Originally THE EXORCIST didn’t exactly wow me. It didn’t take the five-deep lines queued around the blocks to inform me that I was in the minority. Damn, this pic even sent the older generation back to the movies (it was one of three post-1970 flicks that I remember my parents and their friends actively seeking out…the other two being the reasonable Airport and the dirty-old-pervert-friendly Basic Instinct nearly twenty years later). I thought it was missing something; furthermore, I wasn’t thrilled with the look of the movie, thinking it way too grainy and washed-out…There was no reason, I reasoned, that the AIP blaxploitation rip-off Abby (can’t beat that Adolph Caesar trailer narration: “The DEVIL is her lover NOW!”) looked better than its fifty-times-the-budget sourcework.

Little did I know the crazed politics behind the making of THE EXORCIST – in part due to the crazed mind of Friedkin, the Warner Bros. suits and the decade’s overall deteriorating lab work (the movie, unlike many contemporary WB titles, was not printed in the soon-to-be obsolete Technicolor process, but in, aptly, God-awful Metrocolor).

Much of this controversy is covered in the truly outstanding THE EXORCIST: EXTENDED DIRECTOR’S CUT AND ORIGINAL THEATRICAL VERSION (say that five times fast and add twelve Hail Marys), available on Blu-Ray from Warner Home Video.

Friedkin’s Director’s Cut, which adds approximately ten minutes to the 122-minute length, isn’t exactly all his – he makes concessions to author/scenarist Blatty…and that’s a major restoration point.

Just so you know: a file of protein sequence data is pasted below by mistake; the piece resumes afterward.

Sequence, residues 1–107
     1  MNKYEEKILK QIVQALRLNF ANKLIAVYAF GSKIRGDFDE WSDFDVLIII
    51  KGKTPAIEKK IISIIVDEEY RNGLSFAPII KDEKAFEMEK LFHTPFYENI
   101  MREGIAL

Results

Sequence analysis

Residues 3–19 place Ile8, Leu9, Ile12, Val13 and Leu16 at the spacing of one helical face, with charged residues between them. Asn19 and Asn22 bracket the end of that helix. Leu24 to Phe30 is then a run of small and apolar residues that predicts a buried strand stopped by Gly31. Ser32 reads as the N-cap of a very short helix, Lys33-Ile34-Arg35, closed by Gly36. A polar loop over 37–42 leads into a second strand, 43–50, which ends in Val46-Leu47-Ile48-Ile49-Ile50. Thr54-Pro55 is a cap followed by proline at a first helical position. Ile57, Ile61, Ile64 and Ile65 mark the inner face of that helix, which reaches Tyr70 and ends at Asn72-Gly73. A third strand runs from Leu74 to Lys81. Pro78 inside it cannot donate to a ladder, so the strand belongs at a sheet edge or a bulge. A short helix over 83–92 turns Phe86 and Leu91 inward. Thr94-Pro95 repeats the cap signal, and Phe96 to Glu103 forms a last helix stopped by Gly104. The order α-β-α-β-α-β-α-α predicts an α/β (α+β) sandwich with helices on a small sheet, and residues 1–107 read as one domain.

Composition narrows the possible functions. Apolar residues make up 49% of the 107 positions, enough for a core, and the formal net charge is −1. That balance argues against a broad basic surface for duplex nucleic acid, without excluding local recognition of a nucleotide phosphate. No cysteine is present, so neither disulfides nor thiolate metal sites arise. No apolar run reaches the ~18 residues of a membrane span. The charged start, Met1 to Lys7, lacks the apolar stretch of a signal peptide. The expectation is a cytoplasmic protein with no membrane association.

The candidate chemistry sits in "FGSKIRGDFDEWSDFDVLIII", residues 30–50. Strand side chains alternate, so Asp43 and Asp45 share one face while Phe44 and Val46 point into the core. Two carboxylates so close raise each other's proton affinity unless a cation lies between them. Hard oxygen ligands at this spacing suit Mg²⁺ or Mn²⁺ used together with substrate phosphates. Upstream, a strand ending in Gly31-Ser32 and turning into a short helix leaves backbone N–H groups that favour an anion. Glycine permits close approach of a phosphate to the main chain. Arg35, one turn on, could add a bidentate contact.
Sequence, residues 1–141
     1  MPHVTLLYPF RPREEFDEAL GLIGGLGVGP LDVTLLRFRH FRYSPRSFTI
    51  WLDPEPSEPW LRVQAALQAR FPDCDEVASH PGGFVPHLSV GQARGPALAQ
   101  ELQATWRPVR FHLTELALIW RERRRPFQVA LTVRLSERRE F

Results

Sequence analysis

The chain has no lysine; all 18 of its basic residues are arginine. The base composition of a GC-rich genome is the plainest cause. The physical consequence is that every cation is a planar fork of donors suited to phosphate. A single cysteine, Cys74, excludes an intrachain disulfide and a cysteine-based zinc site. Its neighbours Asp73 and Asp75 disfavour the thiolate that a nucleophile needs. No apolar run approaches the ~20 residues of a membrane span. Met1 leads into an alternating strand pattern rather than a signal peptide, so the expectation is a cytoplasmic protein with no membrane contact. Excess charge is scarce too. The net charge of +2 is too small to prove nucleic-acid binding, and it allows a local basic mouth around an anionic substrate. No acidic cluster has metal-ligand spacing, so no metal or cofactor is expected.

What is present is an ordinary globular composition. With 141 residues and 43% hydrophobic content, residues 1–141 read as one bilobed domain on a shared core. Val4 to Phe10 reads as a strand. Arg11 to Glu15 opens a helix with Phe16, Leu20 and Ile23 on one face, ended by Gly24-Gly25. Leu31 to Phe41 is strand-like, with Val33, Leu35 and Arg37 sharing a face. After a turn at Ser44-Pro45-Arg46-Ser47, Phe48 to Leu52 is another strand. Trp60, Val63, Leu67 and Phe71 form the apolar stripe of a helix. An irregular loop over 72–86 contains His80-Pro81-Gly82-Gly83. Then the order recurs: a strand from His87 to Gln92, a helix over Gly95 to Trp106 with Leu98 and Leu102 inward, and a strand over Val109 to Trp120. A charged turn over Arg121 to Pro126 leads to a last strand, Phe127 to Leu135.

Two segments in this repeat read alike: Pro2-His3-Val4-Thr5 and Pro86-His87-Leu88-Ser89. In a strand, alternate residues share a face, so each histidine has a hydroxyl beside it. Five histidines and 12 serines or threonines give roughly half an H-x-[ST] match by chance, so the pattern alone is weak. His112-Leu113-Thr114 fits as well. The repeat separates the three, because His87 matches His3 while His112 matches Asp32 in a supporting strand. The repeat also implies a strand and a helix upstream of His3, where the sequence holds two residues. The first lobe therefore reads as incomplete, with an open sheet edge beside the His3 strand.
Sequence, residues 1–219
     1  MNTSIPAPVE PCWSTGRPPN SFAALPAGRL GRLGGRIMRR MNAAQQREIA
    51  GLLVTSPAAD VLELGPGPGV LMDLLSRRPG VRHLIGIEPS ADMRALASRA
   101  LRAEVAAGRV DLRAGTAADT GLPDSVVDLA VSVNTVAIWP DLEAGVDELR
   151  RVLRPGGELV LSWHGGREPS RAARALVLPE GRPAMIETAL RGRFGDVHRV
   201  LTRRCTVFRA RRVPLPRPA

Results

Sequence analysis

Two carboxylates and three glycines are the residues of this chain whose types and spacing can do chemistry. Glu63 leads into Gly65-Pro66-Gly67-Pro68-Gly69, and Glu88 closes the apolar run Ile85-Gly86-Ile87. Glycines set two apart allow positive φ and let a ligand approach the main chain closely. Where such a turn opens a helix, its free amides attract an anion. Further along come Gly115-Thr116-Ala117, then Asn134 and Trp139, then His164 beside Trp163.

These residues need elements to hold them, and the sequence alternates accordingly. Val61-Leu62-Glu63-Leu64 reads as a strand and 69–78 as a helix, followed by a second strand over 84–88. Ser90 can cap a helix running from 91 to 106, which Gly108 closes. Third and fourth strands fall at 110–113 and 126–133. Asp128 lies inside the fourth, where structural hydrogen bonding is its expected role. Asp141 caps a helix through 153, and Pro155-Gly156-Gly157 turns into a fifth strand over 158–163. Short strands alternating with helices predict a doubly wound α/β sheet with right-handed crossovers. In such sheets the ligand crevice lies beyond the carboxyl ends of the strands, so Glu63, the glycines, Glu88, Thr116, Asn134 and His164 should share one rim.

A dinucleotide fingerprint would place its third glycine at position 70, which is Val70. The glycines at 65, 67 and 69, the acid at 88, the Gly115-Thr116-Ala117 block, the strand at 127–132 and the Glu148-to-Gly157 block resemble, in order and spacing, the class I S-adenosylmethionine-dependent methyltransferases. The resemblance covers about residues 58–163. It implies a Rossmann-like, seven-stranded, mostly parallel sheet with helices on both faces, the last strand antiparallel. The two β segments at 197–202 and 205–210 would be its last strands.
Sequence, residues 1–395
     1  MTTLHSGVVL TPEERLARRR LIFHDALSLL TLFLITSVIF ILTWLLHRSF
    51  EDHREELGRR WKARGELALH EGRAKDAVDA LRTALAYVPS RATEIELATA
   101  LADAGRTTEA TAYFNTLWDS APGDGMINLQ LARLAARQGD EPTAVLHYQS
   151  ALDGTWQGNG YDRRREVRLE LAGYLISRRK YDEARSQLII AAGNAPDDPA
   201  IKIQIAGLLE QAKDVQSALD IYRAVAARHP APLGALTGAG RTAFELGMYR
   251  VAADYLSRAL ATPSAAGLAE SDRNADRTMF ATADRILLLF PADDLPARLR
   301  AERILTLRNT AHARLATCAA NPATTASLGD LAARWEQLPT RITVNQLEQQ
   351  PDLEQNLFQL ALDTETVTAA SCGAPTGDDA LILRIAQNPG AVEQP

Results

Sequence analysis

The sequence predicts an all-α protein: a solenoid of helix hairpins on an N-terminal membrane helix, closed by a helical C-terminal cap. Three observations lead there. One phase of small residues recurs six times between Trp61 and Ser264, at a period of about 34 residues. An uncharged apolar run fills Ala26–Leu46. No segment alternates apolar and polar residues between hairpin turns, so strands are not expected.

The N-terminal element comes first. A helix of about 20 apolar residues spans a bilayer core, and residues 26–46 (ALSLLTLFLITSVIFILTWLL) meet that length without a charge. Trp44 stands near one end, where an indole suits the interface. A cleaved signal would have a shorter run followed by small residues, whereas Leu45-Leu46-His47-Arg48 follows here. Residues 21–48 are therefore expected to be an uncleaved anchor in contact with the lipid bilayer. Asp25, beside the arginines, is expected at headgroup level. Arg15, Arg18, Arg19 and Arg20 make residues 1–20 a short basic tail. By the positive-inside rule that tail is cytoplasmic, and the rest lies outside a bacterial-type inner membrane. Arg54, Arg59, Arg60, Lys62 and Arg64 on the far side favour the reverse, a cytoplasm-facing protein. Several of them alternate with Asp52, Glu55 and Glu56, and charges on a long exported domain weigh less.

Scenes cut in 1973 comprised suggestions and decisions from WB exec John Calley and (later) Friedkin himself. Some are understandable – in fact, they even now aren’t really necessary…but TWO totally helped change my take on the movie…and should never have been removed. One is a brief eye-popping moment of Linda Blair’s character doing a back-flipped speeded-up spider crawl down a staircase whilst spewing blood. Although admittedly today this is not as outrageous a behavioral display when factoring in 2018 information superhighway technology (I can swear that I’ve seen House GOP Darrell Issa do the same thing on MSNBC), but back then it would have rivaled the 360-degree melon spin and the pea soup rendition of the Danny Thomas spit take (and I mean spit).